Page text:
#TradeTalks: Using Relative Strength to Identify Winning Sectors & Markets with Dispersions ^
The Dog Days of Summer are here and along with them is a spike in market volatility with renewed Trade War talks, as well as a decision by the Fed to cut rates. Whatever the reason, the month of August has historically been a weak month for the market, ranking 10th out of the 12 months of the year in terms of average return. Since 1950, the S&P 500 Index has seen an average return of –0.1% in the month of August. With that said, it also starts the second half of what we have come to know as the “seasonally weak” period in the market, which is the six month period from May through October. So, this is all to say that seeing a heightened level of volatility during this time of year has, historically, not been an uncommon phenomenon.
Coming off fresh highs in July at 3020, the S&P 500 pulled back about 6% in a rather short amount of time. The pullback caused some deterioration within the short term indicators in the process. For instance, the NYSE Bullish Percent [BPNYSE] reversed into a column of O’s early in August to shift to a status of “Bull Correction,” which can simply be summarized as an environment in which the bull market is taking a breather. Another way to think about the shift to “Bull Correction” is a traffic light moving from green to yellow. We can continue to proceed through the intersection, but need to slow down and look both ways before proceeding.
It was three years ago, this month, when U.S. Equity moved back up to the number one ranked asset within our asset class relative strength ranking tool, DALI, and as we look at the rankings today, U.S. Equity remains number one. As a matter of fact, over the course of the past month U.S. Equity has actually expanded its lead over the number two ranked asset class, International Equity, and as the rankings below show, Fixed Income comes in at number three.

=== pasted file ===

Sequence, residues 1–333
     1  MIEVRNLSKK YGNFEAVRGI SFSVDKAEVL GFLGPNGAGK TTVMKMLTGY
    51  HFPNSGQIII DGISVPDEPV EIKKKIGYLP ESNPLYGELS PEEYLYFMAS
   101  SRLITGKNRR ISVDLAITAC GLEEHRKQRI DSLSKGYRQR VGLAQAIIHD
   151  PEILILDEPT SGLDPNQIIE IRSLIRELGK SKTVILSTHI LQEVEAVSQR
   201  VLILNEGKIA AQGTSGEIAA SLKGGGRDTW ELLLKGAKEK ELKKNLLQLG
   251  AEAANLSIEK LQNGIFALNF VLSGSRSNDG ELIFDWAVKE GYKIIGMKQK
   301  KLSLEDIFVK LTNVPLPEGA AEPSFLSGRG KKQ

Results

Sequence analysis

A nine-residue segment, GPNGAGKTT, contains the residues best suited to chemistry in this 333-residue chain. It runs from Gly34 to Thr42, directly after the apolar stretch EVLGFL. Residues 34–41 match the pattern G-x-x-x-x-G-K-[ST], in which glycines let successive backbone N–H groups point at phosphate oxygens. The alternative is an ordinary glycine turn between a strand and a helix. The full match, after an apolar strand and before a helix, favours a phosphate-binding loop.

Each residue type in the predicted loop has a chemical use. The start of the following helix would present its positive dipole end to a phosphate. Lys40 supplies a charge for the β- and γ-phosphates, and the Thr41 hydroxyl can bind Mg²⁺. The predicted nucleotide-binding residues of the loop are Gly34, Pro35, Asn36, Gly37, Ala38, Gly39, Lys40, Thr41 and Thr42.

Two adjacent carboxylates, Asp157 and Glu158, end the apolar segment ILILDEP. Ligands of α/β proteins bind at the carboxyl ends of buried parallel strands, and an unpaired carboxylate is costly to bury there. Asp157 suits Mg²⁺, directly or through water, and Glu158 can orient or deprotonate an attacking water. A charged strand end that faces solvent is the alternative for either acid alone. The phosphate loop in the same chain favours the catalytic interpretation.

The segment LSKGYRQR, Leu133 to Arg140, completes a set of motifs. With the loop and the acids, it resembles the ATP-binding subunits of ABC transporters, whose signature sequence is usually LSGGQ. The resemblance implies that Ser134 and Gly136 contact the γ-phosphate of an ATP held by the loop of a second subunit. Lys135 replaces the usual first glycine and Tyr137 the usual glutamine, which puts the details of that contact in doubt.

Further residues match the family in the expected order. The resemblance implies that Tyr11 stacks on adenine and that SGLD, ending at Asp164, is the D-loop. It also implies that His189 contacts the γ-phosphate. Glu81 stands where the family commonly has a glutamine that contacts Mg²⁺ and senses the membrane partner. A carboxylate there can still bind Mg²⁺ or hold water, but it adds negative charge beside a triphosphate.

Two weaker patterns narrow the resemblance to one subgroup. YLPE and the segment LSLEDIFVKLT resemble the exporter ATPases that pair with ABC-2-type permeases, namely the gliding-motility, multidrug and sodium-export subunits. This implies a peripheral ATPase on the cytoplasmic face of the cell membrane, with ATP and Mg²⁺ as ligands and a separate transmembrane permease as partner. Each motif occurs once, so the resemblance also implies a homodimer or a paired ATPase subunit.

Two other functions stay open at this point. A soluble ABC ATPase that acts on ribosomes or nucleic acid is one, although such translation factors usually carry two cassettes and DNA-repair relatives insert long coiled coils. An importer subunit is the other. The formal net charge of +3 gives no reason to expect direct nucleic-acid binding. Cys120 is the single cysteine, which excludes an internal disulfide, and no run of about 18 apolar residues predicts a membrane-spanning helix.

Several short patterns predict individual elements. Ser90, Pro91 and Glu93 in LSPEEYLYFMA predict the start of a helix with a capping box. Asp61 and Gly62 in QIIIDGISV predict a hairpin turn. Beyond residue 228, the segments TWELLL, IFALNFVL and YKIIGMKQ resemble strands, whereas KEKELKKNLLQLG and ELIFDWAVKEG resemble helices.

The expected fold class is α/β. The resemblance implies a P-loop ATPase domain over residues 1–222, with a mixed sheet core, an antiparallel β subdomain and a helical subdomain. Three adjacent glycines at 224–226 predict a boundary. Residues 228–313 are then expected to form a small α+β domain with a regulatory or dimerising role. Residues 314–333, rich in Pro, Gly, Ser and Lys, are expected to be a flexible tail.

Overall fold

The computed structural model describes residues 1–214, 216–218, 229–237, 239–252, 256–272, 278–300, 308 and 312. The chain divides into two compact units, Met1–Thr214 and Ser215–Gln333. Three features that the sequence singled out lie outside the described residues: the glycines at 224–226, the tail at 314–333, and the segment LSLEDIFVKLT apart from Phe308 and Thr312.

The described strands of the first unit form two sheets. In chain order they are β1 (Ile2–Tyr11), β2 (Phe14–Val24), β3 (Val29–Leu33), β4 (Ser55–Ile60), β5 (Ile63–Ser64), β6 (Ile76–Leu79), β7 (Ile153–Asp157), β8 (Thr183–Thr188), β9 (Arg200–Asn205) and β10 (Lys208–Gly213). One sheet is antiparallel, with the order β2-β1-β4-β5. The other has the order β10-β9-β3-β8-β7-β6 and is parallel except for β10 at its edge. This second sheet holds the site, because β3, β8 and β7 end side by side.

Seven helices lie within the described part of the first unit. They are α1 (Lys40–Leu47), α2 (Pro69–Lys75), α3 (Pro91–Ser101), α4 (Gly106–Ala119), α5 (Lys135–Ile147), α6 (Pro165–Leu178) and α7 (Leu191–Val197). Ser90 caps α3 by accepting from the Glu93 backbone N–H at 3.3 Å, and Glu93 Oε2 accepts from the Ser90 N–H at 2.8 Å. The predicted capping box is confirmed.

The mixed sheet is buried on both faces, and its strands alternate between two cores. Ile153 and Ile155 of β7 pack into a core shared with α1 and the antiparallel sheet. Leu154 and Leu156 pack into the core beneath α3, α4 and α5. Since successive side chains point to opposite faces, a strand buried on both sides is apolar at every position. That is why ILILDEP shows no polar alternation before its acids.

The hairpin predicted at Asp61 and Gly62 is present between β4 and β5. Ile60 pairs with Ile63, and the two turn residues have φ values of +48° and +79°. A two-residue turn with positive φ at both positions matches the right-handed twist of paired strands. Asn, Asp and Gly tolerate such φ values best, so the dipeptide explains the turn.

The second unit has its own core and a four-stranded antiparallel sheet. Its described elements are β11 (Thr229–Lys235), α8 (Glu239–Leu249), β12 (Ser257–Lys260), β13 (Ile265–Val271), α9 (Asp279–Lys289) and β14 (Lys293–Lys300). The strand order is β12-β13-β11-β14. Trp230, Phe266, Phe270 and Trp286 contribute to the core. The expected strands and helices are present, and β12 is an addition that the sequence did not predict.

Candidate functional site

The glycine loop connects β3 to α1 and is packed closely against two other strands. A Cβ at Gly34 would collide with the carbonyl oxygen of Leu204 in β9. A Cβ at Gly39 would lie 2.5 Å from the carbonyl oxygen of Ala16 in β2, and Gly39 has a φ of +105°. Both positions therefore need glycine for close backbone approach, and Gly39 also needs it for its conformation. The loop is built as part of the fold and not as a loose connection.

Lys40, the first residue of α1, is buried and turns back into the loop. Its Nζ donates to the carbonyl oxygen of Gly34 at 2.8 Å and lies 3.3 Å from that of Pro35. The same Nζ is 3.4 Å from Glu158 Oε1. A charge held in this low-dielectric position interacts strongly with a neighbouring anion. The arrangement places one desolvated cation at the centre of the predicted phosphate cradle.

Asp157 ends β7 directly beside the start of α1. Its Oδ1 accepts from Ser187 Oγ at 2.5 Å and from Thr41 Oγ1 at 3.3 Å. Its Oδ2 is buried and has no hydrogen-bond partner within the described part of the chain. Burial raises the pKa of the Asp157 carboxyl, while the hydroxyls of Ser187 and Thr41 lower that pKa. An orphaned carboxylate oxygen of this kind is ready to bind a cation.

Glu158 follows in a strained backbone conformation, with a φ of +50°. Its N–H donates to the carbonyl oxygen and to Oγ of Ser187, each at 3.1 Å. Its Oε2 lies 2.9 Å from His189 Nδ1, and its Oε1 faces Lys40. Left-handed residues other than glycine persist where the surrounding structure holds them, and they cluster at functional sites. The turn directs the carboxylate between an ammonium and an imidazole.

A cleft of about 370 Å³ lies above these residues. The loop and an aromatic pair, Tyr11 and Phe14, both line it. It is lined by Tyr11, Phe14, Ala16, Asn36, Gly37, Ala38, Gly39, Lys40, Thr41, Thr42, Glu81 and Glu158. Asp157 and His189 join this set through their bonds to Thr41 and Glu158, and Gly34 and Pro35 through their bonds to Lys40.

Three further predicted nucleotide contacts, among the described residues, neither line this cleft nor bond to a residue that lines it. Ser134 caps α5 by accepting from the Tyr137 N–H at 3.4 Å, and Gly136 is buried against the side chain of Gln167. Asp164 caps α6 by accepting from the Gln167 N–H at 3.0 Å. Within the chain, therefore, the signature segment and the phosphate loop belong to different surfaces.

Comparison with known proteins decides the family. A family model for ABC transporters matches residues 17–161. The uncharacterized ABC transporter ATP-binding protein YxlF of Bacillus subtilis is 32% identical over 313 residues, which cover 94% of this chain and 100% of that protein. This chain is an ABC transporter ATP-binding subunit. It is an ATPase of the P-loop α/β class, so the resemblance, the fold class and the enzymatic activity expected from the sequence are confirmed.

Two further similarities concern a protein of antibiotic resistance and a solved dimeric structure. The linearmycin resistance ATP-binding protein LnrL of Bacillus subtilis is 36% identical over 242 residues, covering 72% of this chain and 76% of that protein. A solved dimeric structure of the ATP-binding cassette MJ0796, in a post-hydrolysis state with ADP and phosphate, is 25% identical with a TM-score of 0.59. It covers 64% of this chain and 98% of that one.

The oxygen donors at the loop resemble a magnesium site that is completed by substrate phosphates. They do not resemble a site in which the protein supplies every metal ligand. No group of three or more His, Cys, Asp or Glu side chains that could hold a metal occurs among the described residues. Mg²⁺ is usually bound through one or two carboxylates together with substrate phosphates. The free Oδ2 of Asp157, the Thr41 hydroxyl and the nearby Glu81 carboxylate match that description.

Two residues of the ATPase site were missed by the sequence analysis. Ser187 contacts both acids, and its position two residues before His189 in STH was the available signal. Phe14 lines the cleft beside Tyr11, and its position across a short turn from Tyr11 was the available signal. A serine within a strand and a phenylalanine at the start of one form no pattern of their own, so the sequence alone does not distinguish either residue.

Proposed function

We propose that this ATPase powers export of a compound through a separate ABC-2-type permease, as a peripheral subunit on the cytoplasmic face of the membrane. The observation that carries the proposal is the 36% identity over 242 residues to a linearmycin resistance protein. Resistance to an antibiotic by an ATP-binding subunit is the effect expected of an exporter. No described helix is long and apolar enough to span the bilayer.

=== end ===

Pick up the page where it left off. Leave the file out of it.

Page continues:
Nasdaq Dorsey Wright Asset Class Rankings (DALI) as of 8/12/19
There are many different applications for DALI in your portfolio management process, as well as strategy construction. Everything from simply understanding which asset classes have the best relative strength to setting specific targets towards investment in those asset classes. As an example, DALI is the basis for the Dorsey Wright Moderate Core Index (DWATTMC), which is an index that is designed to tactically overweight equities in a strong market while having the ability to reduce risk in a weak market based on the asset class rankings of DALI. The goal is to maximize exposure to the number one ranked asset class, which right now is U.S. Equity. If U.S. Equity is number one then the index can have 75% exposure to that asset class. For other asset classes the max exposures are different. For instance, if International Equities were number one, then the max would be 25% while Fixed Income max is 60%. The goal is to systematically overweight the asset classes with the best relative strength and systematically underweight those with the weakest relative strength. This index is available through a First Trust Variable Insurance Trust which is the First Trust Dorsey Wright Moderate Tactical Core Portfolio, and is accessible through both the Lincoln and PacLife Variable Annuity subaccounts. For more information on this strategy click here.
This is one example of how we incorporate the DALI asset class ranking tools into an investment strategy, but certainly not the only way you may choose to include these rankings into your investment management process.
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Unless otherwise stated, the performance information included in this article does not include dividends or all potential transaction costs. Investors cannot invest directly in an index. Indexes have no fees. Past performance is not indicative of future results. Potential for profits is accompanied by possibility of loss.
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Dorsey Wright’s relative strength strategy is not a guarantee. There may be times when all assets are unfavorable and depreciate in value. Relative Strength is a measure of price momentum based on historical price activity. Relative Strength is not predictive and there is no assurance that forecasts based on relative strength can be relied upon to be successful or outperform any index, asset, or strategy.
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